Jacob Powroznik will do his best to keep an open mind on Lake Eufaula. Photo by Joe Branch
By Jacob Powroznik - February 14, 2020
Fishing memories are something we all hear about as fishermen. You know, going back and fishing the same areas with the same baits you did previously on any body of water you’ve fished before, even if it was years ago.
I’m not a big fan of fishing memories.
Saying that, there are positives, of course, with having fished a body of water previously. You already know how to get around and have a good general idea of the lay of the lake. Based on the time of the year you’re fishing, there are certain areas that will always hold some fish, so you can always start there in practice. Knowing those types of areas and knowing the past history of things like which areas a winning tournament angler was fishing can be a positive, but you’re still not fishing memories – at least, I try not to do it.
I try to treat every trip out like I’m fishing a new body of water. Fishing “new” water every time out allows me to analyze specific things before making decisions. I want to know what’s going on now, in the moment when I start fishing: the water’s color, water temperature, weather patterns, water level, etc.
If it’s the spring, I know I need to pick a creek and fish halfway back, or on a flat. I’ll analyze the day-to-day conditions, make choices, and hopefully catch a fish or two in practice and reflect on why I caught them. Catching fish can open your mind to what’s going on. Figure that out and try to duplicate that and pattern that at other locations.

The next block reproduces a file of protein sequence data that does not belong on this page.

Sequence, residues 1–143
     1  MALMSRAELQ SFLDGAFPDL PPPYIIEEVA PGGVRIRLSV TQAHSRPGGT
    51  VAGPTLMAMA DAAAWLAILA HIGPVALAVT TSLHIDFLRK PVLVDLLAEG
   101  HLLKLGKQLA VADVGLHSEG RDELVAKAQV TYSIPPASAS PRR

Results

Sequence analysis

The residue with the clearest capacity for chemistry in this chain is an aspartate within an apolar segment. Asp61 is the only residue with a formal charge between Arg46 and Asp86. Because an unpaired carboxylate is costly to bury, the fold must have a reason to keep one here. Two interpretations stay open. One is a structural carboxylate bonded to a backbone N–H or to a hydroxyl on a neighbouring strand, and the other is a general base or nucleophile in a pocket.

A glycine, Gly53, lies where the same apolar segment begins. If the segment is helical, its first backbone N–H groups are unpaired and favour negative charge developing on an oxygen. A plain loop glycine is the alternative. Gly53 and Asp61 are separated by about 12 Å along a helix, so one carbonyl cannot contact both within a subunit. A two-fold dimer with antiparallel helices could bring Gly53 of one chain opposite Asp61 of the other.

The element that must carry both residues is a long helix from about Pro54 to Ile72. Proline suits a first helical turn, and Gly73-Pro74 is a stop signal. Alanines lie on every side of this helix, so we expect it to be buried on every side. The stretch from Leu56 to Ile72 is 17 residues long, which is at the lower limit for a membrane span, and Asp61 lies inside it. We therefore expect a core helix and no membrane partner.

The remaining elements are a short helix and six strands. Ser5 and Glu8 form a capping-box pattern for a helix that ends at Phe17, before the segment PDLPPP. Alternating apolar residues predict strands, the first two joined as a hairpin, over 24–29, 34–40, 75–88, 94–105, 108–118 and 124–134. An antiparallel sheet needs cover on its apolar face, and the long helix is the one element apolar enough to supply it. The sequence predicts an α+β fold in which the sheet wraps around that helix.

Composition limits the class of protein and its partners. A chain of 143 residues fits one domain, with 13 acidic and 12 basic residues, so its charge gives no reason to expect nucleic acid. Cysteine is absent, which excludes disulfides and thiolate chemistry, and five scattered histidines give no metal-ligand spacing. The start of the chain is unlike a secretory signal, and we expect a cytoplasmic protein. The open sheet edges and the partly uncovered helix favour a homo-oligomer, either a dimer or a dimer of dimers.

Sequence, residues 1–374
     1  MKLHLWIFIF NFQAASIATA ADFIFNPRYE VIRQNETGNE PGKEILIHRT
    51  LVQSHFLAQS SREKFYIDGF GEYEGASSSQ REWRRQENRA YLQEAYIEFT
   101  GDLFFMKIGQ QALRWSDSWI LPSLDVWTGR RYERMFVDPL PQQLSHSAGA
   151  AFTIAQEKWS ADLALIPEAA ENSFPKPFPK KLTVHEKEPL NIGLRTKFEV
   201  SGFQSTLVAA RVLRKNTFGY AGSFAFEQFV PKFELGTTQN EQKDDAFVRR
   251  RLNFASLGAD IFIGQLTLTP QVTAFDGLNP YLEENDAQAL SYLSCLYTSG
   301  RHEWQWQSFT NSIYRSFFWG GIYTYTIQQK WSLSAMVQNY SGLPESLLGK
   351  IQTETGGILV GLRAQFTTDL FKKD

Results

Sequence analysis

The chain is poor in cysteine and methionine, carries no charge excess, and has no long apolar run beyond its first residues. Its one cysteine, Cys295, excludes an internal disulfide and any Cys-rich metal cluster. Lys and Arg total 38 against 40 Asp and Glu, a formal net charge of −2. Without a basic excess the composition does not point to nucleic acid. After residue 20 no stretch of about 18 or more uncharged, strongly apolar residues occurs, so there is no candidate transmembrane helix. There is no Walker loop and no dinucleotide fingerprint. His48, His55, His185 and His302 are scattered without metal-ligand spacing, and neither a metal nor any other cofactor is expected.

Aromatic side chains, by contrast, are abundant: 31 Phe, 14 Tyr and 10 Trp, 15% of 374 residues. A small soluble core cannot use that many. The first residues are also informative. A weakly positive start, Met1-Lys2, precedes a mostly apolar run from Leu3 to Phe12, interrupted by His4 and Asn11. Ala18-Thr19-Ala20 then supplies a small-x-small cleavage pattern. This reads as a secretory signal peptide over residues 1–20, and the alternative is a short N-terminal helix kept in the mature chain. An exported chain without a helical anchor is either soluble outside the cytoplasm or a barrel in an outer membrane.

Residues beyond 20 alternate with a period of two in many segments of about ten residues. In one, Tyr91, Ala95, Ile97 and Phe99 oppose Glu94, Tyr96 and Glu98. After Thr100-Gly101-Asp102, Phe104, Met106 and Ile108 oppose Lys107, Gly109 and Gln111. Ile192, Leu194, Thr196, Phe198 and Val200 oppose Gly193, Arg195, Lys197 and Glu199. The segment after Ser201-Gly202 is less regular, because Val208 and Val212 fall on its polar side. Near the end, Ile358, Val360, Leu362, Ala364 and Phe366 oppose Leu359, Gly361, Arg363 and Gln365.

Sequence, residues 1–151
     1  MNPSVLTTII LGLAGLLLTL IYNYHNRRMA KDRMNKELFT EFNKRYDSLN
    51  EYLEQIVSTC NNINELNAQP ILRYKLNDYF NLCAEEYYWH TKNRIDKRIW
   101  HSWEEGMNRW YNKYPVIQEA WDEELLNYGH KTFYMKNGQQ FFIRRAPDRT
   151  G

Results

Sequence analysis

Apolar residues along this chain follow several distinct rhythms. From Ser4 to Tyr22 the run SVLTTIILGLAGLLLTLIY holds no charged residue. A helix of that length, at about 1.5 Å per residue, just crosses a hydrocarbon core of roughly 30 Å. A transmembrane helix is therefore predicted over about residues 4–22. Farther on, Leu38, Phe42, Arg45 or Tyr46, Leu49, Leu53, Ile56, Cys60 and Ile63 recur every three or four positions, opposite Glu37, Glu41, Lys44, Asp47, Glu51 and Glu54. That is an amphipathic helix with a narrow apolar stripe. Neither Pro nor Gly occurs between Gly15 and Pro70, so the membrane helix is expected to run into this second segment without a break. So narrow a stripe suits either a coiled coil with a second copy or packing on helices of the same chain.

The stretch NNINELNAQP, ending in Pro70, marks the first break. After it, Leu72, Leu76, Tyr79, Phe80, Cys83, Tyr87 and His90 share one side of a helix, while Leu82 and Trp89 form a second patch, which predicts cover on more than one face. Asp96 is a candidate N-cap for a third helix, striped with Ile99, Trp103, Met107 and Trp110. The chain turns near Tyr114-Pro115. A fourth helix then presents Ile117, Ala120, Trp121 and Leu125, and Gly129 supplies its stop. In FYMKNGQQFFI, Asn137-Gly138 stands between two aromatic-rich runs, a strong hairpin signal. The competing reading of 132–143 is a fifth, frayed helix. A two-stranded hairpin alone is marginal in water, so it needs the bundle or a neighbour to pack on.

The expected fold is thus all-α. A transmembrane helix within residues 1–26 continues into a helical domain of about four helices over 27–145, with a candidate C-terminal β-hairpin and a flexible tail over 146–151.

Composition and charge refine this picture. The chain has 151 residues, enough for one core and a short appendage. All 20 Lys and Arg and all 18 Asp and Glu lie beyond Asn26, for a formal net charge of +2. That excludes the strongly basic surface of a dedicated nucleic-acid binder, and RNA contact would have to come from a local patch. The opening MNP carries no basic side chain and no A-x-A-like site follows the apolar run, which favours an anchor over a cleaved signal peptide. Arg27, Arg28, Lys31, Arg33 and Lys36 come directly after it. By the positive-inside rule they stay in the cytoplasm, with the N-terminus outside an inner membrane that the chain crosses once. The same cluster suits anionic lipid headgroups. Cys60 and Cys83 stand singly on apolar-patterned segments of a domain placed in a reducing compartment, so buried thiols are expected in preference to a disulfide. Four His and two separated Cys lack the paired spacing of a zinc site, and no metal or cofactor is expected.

Fishing Knowledge, Not Memories
Now, fishing memories can be good if you consider your knowledge over the years as memories. We started the 2020 season Lake Eufaula, and we’re headed right to Lake Okeechobee next – these are a couple of places I’ve been fishing tournaments on for 20 years. I do have some knowledge of those lakes.
All of your experience makes you who you are on the water. For me, I always say you have to have an open mind when you’re fishing, no matter how much knowledge you have on any one fishery. Always be ready to change what you’re doing and have the confidence in your decisions to change.
I taught myself to be versatile and be able to fish any technique with confidence. Confidence comes from having success with your fishing. Have the capability to change, and the mindset for that change is sometimes necessary for success. Too often, anglers have success, say with a jig. They do great one day, but the next day, their fishing is not as good. Instead of switching up, they only have confidence in that bait and they end up not doing well. You see that in professional fishing as well as recreational fishing.
Fishing success is 75 percent mental and 25 percent fishing skills. Make the right decisions and do the right things at the right time, and you will catch bass. Don’t get hung up on one thing, or something you had success with in the past.
With SCORETRACKER® letting us know exactly where we sit in the standings, you can see if the fish are biting. If you’re sliding down in the standings, it’s time to make a change.
I had a pretty good week at Lake Eufaula, and I’m totally excited and can’t wait to see what will happen when we hit Okeechobee. I’m excited about the schedule as a whole. There are gonna be some big bass caught this year on tour. I’ll break out my big rods and go catch some big bass.